Poland, Czech Republic to protect Slovakian airspace as Soviet-made jets retire | TSWT | 27.08.2022

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Poland and the Czech Republic agreed on Saturday to protect Slovakia’s airspace as Bratislava wants to give up Soviet-made MiG-29 jets in its air force.

During an air show, the defense ministers of the three nations Mariusz Blaszczak from Poland, Jana Cernochova from Czech Republic and Jaroslav Nad from Slovakia signed the agreement for the new airspace policy at the strategic air base Malacky near the Slovak capital.

NATO allies have vowed to provide air support to Slovakia until the country receives 14 new F-16s from the US, as expected within two years in a deal signed in 2018.

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Slovakia shares part of its border with western Ukraine. Moscow’s war against Ukraine has jeopardized long-held assumptions about European security and Russian power.

What have the three countries agreed upon?

Poland and the Czech Republic will provide sufficient air support assets to respond immediately in the event of violations of Slovak airspace. A similar program of Allied support, known as air policing, is in effect in the Baltic states, which border Russia.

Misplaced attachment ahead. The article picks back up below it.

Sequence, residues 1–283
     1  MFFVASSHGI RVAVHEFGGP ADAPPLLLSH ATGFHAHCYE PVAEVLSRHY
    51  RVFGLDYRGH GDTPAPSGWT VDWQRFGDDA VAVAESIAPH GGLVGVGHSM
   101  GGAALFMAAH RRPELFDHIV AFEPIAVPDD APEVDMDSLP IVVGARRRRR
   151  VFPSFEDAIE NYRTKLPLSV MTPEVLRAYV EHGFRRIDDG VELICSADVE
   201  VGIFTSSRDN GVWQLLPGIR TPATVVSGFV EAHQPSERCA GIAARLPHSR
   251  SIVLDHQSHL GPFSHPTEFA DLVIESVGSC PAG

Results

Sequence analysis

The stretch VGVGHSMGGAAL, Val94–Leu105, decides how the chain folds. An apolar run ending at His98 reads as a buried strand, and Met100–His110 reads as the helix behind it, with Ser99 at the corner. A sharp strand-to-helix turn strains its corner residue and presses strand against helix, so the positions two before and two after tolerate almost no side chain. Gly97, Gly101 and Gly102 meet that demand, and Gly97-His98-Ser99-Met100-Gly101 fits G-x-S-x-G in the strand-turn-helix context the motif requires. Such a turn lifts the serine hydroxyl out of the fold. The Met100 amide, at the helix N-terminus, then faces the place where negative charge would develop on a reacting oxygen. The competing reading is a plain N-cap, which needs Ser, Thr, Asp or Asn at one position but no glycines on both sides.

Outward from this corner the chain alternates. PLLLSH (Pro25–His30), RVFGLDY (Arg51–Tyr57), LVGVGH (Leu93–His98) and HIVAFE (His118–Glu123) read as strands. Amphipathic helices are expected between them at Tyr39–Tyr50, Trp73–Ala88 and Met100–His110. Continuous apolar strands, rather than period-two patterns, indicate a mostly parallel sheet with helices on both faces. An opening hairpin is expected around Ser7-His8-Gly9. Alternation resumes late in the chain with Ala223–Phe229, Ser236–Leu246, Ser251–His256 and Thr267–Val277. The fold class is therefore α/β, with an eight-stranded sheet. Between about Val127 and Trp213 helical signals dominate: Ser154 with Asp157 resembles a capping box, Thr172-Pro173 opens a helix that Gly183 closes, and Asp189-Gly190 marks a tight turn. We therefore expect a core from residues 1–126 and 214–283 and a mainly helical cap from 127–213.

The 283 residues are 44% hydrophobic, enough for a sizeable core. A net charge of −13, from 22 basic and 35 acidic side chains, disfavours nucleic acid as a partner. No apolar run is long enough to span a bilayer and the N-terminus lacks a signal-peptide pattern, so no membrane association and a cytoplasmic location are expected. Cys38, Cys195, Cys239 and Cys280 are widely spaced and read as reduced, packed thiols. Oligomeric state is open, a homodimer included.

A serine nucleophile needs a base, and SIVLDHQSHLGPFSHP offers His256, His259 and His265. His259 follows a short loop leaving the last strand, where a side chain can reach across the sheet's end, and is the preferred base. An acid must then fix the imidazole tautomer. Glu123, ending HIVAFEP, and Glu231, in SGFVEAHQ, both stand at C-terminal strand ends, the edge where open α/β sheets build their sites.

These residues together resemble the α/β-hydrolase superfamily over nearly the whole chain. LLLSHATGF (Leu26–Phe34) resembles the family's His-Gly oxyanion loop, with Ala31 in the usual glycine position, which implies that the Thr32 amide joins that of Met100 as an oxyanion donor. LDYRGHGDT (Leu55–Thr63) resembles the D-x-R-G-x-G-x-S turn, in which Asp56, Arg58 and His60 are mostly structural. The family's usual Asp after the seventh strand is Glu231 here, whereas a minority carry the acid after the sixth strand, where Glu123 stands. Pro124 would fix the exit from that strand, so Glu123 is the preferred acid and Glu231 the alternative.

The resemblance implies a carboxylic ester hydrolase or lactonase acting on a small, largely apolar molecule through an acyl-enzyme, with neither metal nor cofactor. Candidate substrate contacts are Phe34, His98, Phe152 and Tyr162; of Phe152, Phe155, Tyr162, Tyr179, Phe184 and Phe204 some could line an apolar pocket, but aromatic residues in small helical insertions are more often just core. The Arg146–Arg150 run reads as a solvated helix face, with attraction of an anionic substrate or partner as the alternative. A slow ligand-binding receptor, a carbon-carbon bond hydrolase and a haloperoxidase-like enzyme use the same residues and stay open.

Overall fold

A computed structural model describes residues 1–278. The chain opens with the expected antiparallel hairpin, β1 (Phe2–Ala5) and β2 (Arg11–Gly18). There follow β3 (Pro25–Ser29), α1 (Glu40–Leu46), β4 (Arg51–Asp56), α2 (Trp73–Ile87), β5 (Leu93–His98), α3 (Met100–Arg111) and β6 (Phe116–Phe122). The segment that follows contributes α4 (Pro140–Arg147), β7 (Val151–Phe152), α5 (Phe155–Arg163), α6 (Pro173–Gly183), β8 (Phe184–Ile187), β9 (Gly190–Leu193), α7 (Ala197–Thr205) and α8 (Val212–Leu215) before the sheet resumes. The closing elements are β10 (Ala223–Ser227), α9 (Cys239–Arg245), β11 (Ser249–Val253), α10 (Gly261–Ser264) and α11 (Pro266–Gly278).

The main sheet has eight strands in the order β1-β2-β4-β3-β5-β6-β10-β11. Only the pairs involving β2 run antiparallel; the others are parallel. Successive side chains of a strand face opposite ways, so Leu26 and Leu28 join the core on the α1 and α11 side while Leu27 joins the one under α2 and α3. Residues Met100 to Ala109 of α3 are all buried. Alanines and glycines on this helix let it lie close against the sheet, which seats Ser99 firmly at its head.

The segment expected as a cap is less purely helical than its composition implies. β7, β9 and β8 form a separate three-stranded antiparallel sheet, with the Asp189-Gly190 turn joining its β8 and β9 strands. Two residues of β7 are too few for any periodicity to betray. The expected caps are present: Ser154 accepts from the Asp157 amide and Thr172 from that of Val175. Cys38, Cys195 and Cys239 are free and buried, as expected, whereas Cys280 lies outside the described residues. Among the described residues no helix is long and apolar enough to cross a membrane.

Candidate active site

From September 1, Polish F-16 fighter jets will patrol Slovakia’s airspace.

At the signing event, Blaszczak called the attempt a way to “deter a potential aggressor.”

What’s behind the agreement?

Slovak Defense Minister Nad said last month that his country is considering donating its fleet of 11 aging MiG-29 jets to Ukraine if certain conditions are met.

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The Slovak MiGs are worth about €300 million ($299 million). In the past, Slovakia said it would seek financial or material support for the modernization of the military.

Nad did not say whether the MiGs would go to Ukraine on Saturday, but he said Slovakia was in talks with its NATO partners about how best to provide Ukraine with ongoing support.

Because of the legacy of the Soviet occupation, the Ukrainian Armed Forces are much more familiar with Soviet military equipment than with newer Western equipment.

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Slovakia has already donated an S-300 air defense system, Mi-series military helicopters, self-propelled howitzers and Grad multi-missile missiles to Ukraine. This week, Bratislava vowed to send another 30 tracked infantry fighting BVP-1 vehicles.

Many people in the region fear a return to a Russian-dominated order, which for many has been characterized by a lack of political, social, economic and cultural freedom. Others remain nostalgic, with communism’s more devastating approaches having been forgotten over time and supplanted by tender childhood memories, however limiting those times were.

ar/fb (TSWT, Reuters)

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